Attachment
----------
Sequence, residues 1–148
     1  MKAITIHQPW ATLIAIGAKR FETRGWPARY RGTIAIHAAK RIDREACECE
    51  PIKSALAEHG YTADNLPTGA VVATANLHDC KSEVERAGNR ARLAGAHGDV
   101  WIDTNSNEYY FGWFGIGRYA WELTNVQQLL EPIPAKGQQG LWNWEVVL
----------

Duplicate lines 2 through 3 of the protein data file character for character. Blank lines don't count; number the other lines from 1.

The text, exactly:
     1  MKAITIHQPW ATLIAIGAKR FETRGWPARY RGTIAIHAAK RIDREACECE
    51  PIKSALAEHG YTADNLPTGA VVATANLHDC KSEVERAGNR ARLAGAHGDV